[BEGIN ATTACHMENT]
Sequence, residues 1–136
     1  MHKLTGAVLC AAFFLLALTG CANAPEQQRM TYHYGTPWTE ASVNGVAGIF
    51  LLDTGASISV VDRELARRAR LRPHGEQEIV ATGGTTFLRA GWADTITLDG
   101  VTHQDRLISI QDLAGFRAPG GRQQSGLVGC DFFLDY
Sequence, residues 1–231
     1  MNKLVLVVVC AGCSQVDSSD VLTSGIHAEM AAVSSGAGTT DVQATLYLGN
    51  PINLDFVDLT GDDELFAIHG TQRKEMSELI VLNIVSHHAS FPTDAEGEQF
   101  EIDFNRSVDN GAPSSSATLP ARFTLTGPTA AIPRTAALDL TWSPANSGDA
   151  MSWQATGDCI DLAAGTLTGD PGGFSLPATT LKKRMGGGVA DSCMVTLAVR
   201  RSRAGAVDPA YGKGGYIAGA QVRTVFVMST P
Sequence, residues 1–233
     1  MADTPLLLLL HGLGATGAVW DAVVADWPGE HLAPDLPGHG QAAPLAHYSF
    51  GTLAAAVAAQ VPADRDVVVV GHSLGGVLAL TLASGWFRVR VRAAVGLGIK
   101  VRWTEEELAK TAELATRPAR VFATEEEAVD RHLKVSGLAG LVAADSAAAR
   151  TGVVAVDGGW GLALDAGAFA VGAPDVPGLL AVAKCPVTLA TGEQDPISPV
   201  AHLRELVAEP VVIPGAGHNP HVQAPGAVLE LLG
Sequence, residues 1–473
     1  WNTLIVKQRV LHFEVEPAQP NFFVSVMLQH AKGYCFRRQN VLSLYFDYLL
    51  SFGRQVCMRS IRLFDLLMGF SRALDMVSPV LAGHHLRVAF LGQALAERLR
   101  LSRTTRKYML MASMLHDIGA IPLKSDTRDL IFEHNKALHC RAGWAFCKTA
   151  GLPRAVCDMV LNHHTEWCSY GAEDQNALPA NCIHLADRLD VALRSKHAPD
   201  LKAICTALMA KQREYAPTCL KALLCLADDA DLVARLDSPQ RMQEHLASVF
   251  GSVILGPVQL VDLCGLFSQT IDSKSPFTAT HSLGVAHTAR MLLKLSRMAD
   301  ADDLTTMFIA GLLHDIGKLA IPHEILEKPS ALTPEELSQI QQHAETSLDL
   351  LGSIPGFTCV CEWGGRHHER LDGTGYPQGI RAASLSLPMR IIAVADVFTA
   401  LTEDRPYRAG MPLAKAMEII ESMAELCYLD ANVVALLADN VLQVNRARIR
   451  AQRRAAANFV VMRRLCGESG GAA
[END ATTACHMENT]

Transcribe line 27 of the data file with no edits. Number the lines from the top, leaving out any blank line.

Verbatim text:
   451  AQRRAAANFV VMRRLCGESG GAA